warning signs.
 Access to Controlled areas is restricted to Classified persons or persons
   (workers or visitors) following an approved written system of work which
   will ensure that they are most unlikely to receive more than three-tenths of
   any dose limit. Entry into a Controlled area must be solely for the purpose
   of carrying out approved duties or procedures and all involved must have
   received adequate training. Except for the RPS, URPO, RPA or Inspectors
   exercising a statutory power, or in cases of fire or other serious emergency,
   no-one else may enter a Controlled area without following a written system
   of work.
 If a visitor who is a Classified worker at another establishment requires
   access to a Controlled area, the URPO must be consulted in order to ensure
   that the employer cooperation requirements of IRR99 Reg 15 may be met.
 At present the University has Controlled Areas in the Radiation store room,
   4W infill lab, 5W 2.35 and the machine enclosures in the X-ray
   Crystallography Suites in buildings 1S, 3W and 4W. There are currently no
   classified workers in the University.
 A Controlled area can equally be designated if the work being carried out
   could give rise to an internal contamination hazard and not an external
   hazard. For assessment of these areas, the table below gives the activities
   for selected radionuclides that, if exceeded as a storage level, necessitate
   the laboratory concerned being designated as a Controlled Area. For
   completion the table also includes the Annual Limits for Intake (ALI) for
   occupationally exposed workers.
 It must again be stressed that dose limits and annual limits for intake
   are maximum levels and all efforts must be made to ensure that doses
   are as low as reasonably practicable.

                                         Stored activity (Bq) for
                                                                     ALI (Bq)
        Isotope           Half-life         Controlled Area
      TRITIUM           12.35 years             1 x 1010              1 x 109
   CARBON-14            5730 years               9 x 108              4 X 107
    SODIUM-22            2.6 years               2 x108               7 X 106
    SODIUM-24            15 hours                1 x 104              5 x107
 PHOSPHORUS-32           14.3 days               1 x 108              8 x 106
   SULPHUR-35            87.4 days               8 x108               3 x108
   CALCIUM-45            163 days                3x 108               2 x 107
      ZINC-65            244 days                1x 108               5 x 106
    IODINE-125            60 days                1 x107               1 x 107
    IODINE-131             8 days                1 x 107              8 x105

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        University of Bath. Guidance for work with ionising radiation. March 2009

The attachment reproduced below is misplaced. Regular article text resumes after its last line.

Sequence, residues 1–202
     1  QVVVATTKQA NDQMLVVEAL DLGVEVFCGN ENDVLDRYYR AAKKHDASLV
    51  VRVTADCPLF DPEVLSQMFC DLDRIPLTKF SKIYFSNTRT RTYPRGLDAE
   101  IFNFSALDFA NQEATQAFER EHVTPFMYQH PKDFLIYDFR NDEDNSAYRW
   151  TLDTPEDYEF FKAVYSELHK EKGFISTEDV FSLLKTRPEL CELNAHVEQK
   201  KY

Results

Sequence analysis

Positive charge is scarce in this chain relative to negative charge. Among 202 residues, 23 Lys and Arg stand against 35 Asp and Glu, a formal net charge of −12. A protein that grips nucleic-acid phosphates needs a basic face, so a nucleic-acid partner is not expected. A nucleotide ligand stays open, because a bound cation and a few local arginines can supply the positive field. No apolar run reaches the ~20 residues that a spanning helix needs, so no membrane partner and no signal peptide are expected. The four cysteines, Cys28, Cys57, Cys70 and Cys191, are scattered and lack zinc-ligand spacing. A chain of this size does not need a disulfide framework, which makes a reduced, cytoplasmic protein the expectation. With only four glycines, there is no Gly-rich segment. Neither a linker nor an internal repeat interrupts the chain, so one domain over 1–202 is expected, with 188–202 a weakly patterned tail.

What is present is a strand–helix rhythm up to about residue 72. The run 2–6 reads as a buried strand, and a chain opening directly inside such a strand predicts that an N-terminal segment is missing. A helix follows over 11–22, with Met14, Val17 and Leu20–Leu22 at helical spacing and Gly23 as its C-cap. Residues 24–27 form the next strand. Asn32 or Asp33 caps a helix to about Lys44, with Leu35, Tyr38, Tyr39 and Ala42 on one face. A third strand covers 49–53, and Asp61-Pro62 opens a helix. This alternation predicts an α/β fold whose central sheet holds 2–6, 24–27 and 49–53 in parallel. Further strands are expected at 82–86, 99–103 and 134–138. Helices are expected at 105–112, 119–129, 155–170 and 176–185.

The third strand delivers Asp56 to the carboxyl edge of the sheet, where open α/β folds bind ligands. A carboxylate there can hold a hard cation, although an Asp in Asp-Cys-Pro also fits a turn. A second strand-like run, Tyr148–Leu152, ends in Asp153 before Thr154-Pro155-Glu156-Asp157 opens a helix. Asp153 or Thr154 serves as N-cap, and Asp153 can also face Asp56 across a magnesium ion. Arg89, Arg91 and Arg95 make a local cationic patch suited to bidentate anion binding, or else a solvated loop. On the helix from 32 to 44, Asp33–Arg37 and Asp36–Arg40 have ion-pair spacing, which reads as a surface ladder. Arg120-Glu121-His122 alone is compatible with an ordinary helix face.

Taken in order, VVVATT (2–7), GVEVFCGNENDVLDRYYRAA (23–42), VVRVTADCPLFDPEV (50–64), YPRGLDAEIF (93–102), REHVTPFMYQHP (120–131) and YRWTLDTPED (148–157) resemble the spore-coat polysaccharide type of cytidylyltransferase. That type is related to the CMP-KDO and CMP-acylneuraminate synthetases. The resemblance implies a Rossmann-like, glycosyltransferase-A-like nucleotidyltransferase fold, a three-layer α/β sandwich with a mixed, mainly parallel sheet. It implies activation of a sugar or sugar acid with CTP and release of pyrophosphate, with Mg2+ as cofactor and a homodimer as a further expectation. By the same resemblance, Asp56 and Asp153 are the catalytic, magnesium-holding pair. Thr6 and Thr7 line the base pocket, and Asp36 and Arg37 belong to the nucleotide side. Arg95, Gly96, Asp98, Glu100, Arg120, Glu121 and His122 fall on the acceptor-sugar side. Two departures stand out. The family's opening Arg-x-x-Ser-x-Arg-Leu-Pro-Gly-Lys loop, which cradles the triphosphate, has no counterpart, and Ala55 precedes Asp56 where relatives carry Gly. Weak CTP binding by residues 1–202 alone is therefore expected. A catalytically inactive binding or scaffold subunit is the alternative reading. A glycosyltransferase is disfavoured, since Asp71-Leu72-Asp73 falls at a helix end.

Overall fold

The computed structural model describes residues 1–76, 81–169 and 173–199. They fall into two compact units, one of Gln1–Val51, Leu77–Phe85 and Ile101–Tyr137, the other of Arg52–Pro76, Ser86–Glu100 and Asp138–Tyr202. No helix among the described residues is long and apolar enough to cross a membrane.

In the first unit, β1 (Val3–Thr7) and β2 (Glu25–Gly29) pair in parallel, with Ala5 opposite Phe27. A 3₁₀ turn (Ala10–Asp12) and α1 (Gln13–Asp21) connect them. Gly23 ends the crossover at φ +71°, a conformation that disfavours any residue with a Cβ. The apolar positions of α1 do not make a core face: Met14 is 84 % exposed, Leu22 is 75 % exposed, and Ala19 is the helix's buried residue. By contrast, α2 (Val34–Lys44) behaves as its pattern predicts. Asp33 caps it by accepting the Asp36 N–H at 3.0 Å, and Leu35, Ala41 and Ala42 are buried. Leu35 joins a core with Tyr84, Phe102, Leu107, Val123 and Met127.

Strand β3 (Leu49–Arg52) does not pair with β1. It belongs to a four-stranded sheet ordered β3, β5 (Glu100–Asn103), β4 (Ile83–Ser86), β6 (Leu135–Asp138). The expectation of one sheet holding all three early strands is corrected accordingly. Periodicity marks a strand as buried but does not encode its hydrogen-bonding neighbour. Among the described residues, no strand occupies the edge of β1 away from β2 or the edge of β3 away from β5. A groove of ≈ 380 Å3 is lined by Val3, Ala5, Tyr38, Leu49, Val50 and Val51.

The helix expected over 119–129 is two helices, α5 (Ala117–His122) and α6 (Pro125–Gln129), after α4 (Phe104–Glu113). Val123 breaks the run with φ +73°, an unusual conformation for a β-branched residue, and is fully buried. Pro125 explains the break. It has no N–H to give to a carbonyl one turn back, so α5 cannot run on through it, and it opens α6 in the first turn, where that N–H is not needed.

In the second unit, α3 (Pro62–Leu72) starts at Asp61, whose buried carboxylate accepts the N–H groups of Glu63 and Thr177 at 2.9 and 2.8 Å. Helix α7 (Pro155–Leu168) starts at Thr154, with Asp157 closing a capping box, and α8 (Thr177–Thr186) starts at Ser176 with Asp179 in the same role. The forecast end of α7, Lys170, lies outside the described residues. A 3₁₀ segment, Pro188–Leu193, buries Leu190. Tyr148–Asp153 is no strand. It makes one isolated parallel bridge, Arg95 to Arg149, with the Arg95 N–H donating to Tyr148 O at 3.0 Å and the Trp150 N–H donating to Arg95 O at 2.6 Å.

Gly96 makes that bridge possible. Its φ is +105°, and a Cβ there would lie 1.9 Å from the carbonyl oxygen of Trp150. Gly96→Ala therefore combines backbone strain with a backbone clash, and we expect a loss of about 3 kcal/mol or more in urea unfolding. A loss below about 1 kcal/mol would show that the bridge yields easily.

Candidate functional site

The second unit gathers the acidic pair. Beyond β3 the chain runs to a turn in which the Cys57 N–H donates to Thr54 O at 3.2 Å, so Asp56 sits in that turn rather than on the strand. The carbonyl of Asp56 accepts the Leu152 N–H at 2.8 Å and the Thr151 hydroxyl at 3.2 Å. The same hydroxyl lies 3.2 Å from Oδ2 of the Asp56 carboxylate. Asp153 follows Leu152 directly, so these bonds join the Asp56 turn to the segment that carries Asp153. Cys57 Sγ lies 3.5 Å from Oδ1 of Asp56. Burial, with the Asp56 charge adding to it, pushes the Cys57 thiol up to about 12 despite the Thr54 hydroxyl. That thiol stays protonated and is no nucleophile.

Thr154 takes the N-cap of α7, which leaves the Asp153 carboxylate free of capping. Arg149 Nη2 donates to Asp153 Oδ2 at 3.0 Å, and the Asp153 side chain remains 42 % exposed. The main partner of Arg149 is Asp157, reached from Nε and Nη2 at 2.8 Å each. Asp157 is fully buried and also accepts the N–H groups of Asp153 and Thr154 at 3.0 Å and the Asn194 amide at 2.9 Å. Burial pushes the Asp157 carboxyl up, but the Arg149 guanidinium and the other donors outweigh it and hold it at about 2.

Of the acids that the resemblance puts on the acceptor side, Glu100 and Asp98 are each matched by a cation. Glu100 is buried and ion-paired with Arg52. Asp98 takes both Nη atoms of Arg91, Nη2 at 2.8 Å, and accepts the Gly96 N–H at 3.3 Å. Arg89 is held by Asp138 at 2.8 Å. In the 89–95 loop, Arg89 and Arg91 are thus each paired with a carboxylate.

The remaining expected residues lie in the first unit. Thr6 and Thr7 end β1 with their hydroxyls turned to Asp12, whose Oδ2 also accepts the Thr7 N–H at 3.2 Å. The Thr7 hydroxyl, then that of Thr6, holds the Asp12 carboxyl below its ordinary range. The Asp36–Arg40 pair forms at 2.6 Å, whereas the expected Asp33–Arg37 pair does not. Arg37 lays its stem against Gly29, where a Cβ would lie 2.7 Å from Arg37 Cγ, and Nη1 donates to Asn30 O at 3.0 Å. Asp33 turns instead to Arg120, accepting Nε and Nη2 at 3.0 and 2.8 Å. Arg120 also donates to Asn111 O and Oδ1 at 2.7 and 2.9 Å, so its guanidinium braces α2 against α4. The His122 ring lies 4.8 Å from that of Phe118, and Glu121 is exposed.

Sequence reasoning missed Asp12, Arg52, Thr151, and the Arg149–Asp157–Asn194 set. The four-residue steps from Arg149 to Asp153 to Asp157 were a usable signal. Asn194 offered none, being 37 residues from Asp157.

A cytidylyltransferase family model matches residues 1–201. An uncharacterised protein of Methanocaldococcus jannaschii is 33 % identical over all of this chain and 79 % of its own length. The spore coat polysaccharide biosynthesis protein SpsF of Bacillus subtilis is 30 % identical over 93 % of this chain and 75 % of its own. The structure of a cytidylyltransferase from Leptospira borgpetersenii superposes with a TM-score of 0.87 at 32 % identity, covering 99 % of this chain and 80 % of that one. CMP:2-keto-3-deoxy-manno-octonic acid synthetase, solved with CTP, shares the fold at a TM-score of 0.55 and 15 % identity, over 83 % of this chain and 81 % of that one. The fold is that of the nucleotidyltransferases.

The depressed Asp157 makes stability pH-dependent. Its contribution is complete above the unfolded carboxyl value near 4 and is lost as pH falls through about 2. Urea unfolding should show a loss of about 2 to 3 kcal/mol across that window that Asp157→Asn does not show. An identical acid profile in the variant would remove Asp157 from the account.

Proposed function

Supervised areas must be designated if
            any person is likely to receive an
            effective dose greater than 1mSv a
            year (or an equivalent dose greater
            that 1/10 of any relevant limit) or if it is
            necessary to keep the conditions of the
            area under review to determine
            whether the area may require
            designation as a controlled area.
         In practice this requirement is extended
            to cover all areas used for handling
            radioactive materials which are not              Lab door label (RAMs).
            designated as Controlled areas.
            Supervised areas need not occupy an
            entire room but will cover workstations
            or storage locations where radioactive
            materials are present. All such areas
            must be identified by means of suitable
            radiation warning signs
         There are no special restrictions on
            access to supervised areas, but
            radioactive materials, X-ray equipment,
            and equipment/ workstations marked
            with the radiation hazard trefoil
            (because of potential contamination)              Lab door label (X-rays)
            should only be used by registered radiation workers or undergraduate
            students under close supervision.
         Labs containing Supervised (and Classified) areas are identified by a label on
            the outer door (as top picture on the right) but the actual designated area is
            usually confined to demarcated workstations and storage facilities (e.g.
            fridges or freezers). The URPO will alert the Estates department to identify
            designated sinks and associated pipework on building plans.
            Maintenance work on designated sinks and associated pipework may only
            be carried out with the written approval of the URPO under a permit to